Clusters are the basic storage units for your data. A number of them make up your total partitioned space.
If you consider each cluster to be a box then different cluster sizes are different sizes of box. In this case lets say we have the two similar total storage spaces broken up into a)small boxes (4k clusters) and b) large boxes (64k clusters). Our boxes will be filled with pages of information (data). Critically boxes cannot contains two different sets of information but multiple boxes can be combined to provide storage for one large piece of information.

Lets say we fill the first 80 small boxes and 5 large ones. We start with box one in both cases and keep going until we have no 'information' left.
In this case we're storing the same quantity of information and because the boxes are all concurrent, were we searching for it, we'd find it all stored in-order. It'd take slightly longer across the small boxes because we have to keep moving from box to box but overall the difference is negligable.

Now lets fill another 80 small boxes of information to a) and 5 large to b). Then remove the original information.

Now I want to put 160 small and 10 large boxes of information into my storage. The first 80/5 fit in before the currently stored information and the 80/5 after. Now when I go to retrieve that information I have to spend time going from the end of the first half of data to the start of the second half.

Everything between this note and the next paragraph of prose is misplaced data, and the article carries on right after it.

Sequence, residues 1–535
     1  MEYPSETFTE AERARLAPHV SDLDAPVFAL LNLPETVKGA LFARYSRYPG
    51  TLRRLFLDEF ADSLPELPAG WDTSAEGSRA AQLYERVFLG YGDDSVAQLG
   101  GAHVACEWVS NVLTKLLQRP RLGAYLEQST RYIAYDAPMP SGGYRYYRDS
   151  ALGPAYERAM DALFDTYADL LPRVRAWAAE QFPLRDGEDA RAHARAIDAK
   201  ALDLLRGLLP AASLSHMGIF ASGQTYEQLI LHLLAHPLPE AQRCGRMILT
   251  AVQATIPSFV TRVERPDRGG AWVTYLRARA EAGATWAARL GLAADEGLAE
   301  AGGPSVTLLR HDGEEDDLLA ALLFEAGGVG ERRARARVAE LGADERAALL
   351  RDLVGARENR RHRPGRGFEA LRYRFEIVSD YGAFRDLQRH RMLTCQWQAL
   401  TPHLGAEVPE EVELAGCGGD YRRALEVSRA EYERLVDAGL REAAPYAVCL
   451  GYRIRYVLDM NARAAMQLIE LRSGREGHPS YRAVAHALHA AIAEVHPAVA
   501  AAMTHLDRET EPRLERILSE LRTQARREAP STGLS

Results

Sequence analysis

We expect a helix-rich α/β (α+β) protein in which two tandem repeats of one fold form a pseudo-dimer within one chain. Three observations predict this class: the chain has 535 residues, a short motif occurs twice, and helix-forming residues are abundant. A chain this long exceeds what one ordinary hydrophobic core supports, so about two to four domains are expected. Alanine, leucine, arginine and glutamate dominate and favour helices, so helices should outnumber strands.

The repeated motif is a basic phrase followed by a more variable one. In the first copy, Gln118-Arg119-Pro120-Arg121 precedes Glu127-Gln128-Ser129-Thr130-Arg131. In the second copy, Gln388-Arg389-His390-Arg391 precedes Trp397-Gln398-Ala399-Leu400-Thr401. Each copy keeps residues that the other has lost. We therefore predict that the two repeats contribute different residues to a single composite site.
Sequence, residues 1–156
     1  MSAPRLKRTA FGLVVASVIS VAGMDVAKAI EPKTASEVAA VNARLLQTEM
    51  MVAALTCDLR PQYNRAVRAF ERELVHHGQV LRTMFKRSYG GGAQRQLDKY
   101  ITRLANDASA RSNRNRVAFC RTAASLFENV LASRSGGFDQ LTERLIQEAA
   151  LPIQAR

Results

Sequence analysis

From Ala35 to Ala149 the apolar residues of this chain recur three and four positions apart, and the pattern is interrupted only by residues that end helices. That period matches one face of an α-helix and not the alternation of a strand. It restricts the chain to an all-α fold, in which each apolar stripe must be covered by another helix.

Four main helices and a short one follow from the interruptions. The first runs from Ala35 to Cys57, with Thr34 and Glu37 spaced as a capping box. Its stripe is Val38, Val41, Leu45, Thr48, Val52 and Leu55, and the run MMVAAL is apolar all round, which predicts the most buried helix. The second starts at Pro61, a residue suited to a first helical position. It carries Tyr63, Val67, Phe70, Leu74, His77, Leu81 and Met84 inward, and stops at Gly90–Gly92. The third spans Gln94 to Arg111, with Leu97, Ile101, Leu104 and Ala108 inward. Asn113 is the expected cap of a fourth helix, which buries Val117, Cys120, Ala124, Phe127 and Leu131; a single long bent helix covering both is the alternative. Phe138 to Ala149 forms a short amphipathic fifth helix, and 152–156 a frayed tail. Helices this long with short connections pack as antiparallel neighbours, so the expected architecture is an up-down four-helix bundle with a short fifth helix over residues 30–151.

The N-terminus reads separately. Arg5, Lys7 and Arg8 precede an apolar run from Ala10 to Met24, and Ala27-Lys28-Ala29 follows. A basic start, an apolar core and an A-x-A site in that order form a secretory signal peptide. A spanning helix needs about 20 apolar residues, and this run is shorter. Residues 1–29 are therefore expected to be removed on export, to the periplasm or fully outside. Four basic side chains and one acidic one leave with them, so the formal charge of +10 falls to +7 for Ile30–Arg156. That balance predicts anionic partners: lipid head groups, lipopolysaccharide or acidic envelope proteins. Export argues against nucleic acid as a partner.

Again the time taken is very similar because the information is stored in similar locations.

If however we added one set of new information into 65 small boxes and a second set of 95 later we run into problems when trying to replicate it with large boxes.
With small boxes we put the first 15 of the second set before the original 80 boxes and the remaining 80 after.
However the first new information set needs 4.06 large boxes and the second 5.94. Because we can't mix set one and two in a single box we have to use 5 large boxes for set one and 6 for set two. The first set goes before the current information and the second after and uses up an entire large box (or 16 small boxes) of additional storage space. On the positive side, while new set one is easy access for both small and large boxes, set two is more time-consuming in the small box example as it takes more time to skip the interviening data to get to the second part of the information.